- A Chicago coronavirus victim in her 20s whose lungs were left full of holes and almost fused to her chest wall underwent a successful double lung transplant at Northwestern Memorial Hospital. Only a few other COVID-19 survivors, in China and Europe, have received lung transplants.
- Angela Tovar, an urban planner and Chicago native, was named Mayor Lori Lightfoot’s top environmental officer today. Her responsibilities include serving as a liaison between City Hall and community organizations in the city’s most polluted areas.
- Police are searching for a man who allegedly yelled racial slurs and threw hot coffee at a gas station attendant in Armour Square, burning him in multiple places. The attack came days after a vigilante group of mostly white men patrolled that same block following civil unrest that gripped the city.
- Cook County health officials hope to reach out to more than 3,000 people a day to alert them that they could have been exposed to the coronavirus under a $40 million dollar expansion of the county’s contact tracing program. The investment is a crucial step as the county begins to reopen, Cook County Board President Toni Preckwinkle said.
A bright one
O’Hare couple have a home — until June 23
Life is looking up for Linda and Manny Benavides.
They are no longer sleeping on chairs at O’Hare Airport, or on a Blue Line train after police make their sweeps and throw them out. Now they are in a clean, if bare, one-bedroom ground-floor apartment in Norwood Park, temporarily: “It’s beautiful in here,” said Linda. “We love it.”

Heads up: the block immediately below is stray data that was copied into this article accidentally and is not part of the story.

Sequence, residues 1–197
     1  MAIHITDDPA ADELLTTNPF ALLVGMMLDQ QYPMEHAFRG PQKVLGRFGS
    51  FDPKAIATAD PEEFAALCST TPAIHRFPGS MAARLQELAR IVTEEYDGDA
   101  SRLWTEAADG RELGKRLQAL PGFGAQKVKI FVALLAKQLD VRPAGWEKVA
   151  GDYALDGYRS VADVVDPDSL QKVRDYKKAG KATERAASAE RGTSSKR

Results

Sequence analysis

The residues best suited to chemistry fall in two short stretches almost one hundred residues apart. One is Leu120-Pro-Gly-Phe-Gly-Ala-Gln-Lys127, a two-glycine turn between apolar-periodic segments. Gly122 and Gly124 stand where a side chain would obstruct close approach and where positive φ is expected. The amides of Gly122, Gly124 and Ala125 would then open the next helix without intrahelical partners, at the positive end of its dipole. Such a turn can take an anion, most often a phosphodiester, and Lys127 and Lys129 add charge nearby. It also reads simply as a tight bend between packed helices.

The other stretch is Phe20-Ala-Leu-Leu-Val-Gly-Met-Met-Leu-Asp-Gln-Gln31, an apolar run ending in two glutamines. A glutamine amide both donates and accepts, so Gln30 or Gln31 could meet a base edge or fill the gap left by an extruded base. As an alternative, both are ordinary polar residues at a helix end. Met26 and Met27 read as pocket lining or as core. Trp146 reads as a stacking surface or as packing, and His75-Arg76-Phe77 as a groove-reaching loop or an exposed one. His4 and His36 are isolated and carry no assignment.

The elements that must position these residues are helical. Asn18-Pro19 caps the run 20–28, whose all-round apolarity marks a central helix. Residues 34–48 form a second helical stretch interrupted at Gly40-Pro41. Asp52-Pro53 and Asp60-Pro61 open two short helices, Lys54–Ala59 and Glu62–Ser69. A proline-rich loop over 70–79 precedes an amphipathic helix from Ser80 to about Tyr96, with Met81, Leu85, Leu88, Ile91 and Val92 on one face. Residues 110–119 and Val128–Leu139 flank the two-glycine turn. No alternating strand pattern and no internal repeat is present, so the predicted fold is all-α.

After we featured the couple on our front page May 22, there was an outpouring of support. The couple was put up for a few days in a motel in Des Plaines, where people kept arriving with clothes, gift cards and money.
Linda estimates they’ve received $2,600 in total. Plus the apartment, offered by a stranger, a Chicago police officer. The clean, new apartment was offered without restrictions, except that they have to move out by June 23.
Linda and Manny Benavides don’t know what they’ll do in a few weeks. But the officer who’s helping them knows one thing for certain: “I won’t stop until I get them the help that I promised,” she said. “Everything got delayed because of the recent events. But I won’t let them become homeless again.”
Read Neil Steinberg’s full column here.
From the press box
The 2020 MLB Draft wraps up today starting at 4 p.m. following an exciting first round for Chicago’s teams last night.
The White Sox took a big-time pitching talent in Tennessee’s Garrett Crochet with the 11th overall pick, but it was the Cubs who stole the show locally by selecting Chicago native Ed Howard, a high-upside shortstop who played at Mount Carmel, five picks later.
Your daily question ☕
How have your habits changed since Chicago’s partial reopening last week?
Email us (please include your name and where you live) and we might include your answer in the next Afternoon Edition.
Yesterday, we asked you how you plan on spending your (coronavirus) summer vacation. Here’s what some of you said…
“Sitting on my patio drinking beer, BBQing and listening to music.” — Peter J. Gallanis
“In my camper wherever parks are open. We’ve already been to Jim Edgar state recreational area. It was very pretty there: a birdwatcher’s paradise. We are definitely staying closer to home and away from crowds.” — Bobette Staley
“Same as the last three months: staying in the house, rewatching the same thing on Netflix over and over.” — Kristin Annicks